As the Winter Olympic Games continue in China, here are some of the different technologies being used in Beijing.
A series of different kinds of robots have been deployed to assist visitors and athletes. Some machines are being used to enforce social distancing requirements related to COVID-19.
Robots are also transporting equipment, cleaning surfaces and preparing and carrying food to limit human-to-human contact. “Smart” waste containers are also being used, as well as machines that can make and serve alcoholic drinks and coffee.
At the Winter Olympic Village, the athletes are sleeping on “smart beds” equipped with sensors. The devices collect information on things like breathing and heart rates. They also have controls to permit users to choose different sleeping positions, including one called “zero gravity.” That setting is supposed to reduce pressure on muscles and joints and support higher quality sleep.
These high-tech beds are very different from the lower-tech versions provided for Olympic athletes at last year’s Tokyo Games. The beds used in Japan – which received wide attention for being so unusual – were made of cardboard material for environmental reasons.
Members of the media in Beijing can try out the same beds the athletes are using in special “sleep rest cabins.” The cabins, or containers, permit reporters to enter and rest for up to an hour. The cabins are fully cleaned after each use.
China’s digital money will be in use at the Olympics in the currency’s first major test with foreigners. Visitors will be able to use digital yuan to pay for food, transportation and other goods and services. Users can get the currency by downloading an app, getting a digital yuan card or by exchanging foreign currency into digital form through machines in Olympic areas.
Over the past few years, China has carried out tests with digital money in major cities. The Chinese government has said that so far, the digital currency has been used in about $13.8 billion worth of financial transactions.
All Olympic attendees must use an app, called MY2022, for daily monitoring for COVID-19. The app permits users to send personal health information every day as a requirement to take part in the Games. The system is part of China’s aggressive effort to limit the spread of the virus during the Games.
But a Canadian organization that monitors internet security said in a report released last month that the MY2022 app contains major security weaknesses. The security problems could lead to private user information being exposed, Toronto-based Citizen Lab said. This could include sensitive information such as passport details and medical and travel history, the group said.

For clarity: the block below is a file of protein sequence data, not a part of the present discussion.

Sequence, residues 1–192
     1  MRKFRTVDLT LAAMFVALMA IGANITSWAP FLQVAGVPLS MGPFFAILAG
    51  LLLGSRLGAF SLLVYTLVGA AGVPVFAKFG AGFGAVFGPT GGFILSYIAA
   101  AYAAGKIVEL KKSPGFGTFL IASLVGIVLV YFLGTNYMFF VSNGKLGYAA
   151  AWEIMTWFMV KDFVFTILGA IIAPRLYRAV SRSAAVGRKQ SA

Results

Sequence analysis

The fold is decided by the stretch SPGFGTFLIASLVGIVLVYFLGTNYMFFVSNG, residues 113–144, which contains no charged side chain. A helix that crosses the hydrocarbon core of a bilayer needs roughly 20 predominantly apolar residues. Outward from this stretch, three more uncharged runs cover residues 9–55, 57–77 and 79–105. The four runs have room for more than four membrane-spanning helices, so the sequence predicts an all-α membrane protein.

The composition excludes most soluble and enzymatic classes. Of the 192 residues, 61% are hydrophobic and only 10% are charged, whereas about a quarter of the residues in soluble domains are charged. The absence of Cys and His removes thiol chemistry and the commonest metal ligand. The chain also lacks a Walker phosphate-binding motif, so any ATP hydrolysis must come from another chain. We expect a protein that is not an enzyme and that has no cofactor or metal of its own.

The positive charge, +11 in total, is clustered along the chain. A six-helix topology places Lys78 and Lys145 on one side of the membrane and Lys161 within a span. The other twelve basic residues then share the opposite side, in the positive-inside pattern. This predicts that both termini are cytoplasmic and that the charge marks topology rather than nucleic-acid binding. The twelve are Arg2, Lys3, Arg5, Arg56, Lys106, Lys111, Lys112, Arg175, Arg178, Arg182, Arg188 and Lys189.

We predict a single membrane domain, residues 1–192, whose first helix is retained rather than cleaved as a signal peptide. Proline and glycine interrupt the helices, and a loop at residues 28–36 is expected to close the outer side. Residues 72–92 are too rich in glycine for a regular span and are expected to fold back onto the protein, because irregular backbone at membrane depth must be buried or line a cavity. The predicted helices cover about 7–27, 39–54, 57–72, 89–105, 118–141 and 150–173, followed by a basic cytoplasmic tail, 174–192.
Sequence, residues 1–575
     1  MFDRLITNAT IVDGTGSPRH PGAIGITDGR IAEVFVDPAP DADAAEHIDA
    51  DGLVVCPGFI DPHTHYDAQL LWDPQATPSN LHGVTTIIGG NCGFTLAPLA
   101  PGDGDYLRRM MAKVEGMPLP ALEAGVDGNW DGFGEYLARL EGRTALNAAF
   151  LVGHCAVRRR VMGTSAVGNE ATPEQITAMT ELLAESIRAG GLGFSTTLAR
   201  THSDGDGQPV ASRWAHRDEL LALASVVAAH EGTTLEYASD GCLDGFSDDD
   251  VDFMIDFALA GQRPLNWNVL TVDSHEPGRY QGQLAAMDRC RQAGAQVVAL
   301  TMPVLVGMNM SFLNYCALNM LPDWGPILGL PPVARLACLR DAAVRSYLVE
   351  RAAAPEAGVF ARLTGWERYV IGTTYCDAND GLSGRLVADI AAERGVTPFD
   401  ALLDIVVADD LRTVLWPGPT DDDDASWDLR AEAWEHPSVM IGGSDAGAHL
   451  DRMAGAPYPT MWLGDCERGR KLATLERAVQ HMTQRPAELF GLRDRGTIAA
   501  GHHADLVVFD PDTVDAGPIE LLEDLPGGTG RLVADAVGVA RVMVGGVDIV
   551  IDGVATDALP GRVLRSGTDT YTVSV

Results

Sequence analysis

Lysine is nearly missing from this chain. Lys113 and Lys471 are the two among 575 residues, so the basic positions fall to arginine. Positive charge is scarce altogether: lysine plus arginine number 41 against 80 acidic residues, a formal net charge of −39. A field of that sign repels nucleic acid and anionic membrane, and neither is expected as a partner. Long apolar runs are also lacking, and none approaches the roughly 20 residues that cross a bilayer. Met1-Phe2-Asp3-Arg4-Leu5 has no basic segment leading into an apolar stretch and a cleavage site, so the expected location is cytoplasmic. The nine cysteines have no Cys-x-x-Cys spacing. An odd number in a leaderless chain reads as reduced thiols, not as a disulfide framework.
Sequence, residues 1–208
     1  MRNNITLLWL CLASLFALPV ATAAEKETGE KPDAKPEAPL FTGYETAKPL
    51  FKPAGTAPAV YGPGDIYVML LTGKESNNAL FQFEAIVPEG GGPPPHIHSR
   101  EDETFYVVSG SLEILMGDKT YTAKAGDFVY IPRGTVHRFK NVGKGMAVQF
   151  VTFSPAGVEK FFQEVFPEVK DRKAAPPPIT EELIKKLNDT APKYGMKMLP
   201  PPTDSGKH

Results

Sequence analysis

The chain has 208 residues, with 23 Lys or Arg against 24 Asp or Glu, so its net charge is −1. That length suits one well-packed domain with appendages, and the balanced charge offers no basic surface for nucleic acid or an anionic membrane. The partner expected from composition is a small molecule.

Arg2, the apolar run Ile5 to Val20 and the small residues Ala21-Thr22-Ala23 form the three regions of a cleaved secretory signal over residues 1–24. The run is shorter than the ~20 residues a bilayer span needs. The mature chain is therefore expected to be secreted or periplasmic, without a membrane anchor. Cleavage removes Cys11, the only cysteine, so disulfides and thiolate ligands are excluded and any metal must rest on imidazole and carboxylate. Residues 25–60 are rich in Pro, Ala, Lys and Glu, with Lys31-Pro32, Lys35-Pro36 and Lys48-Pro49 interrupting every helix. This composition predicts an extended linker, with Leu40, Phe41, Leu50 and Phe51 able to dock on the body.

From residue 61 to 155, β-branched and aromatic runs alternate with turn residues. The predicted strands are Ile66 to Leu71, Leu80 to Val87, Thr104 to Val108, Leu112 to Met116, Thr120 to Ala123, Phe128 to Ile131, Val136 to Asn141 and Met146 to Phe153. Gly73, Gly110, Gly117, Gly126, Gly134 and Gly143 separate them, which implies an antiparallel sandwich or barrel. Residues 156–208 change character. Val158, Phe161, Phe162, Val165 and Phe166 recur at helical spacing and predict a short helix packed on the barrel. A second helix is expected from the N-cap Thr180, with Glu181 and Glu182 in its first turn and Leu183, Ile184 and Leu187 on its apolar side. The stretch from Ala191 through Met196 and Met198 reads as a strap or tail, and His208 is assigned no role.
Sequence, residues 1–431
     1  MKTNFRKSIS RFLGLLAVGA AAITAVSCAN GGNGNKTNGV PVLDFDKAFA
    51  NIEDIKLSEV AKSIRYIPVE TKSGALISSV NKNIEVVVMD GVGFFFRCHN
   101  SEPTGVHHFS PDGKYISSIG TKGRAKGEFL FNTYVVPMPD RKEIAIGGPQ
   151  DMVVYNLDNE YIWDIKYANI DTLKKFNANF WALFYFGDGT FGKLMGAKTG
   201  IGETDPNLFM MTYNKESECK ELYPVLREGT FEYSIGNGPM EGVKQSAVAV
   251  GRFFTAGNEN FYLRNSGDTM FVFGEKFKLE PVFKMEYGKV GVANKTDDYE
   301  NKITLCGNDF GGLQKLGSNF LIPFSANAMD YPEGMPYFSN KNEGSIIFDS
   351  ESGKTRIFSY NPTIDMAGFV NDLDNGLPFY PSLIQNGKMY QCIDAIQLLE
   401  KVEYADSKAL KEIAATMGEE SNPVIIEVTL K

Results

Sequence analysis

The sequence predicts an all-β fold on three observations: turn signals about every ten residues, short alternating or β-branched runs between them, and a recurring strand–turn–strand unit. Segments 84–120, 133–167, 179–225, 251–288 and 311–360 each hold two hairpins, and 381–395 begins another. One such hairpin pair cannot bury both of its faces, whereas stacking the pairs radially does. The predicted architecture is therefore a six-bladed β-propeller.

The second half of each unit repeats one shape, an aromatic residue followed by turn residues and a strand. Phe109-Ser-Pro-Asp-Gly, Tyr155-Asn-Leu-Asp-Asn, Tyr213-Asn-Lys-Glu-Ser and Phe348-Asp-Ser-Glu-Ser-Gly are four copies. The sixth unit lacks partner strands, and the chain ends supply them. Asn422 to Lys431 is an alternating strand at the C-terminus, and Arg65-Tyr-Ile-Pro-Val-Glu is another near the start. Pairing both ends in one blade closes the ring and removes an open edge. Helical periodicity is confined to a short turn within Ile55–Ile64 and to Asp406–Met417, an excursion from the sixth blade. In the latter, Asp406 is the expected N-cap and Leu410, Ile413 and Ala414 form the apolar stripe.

The report said the app does not effectively protect such information. This means it is possible it could be read by Chinese internet service providers or telecommunications companies through Wi-Fi “hotspots” at hotels, airports and places holding Olympic competitions.
The app also permits users to report “politically sensitive” content, Citizen Lab reported. And it includes a “censorship keyword list.” The group said the list can identify different political subjects, including Chinese policies in Xinjiang and Tibet, as well as naming government agencies.
Personal device warning
Because of security and privacy questions, cybersecurity company Internet 2.0 advised attendees to buy and take a new phone with them to use while in China. The company said this move can protect a user’s personal information that is stored on their normal phone. Visitors were also urged to create a new email address and browser account on the temporary phone for use in China.
I’m Bryan Lynn.
Bryan Lynn wrote this story for VOA Learning English, based on reports from Reuters, The Associated Press, VOA News and online sources.
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Words in This Story
athlete – n. a person who is trained in or good at sports, games, or exercises that require physical skill and strength
cardboard – n. thick, strong paper that is often used to make boxes
app – n. a computer program that performs a special function, usually found on mobile phones
transaction – n. a business deal : an occurrence in which goods, services, or money are passed from one person, account, etc., to another
monitor – v. to watch something carefully and record the results
expose – v. to remove what is covering or protecting something
censorship – n. the system or practice of censoring books, movies, letters, etc.
browser – n. a computer program that permits you to look at pages on the internet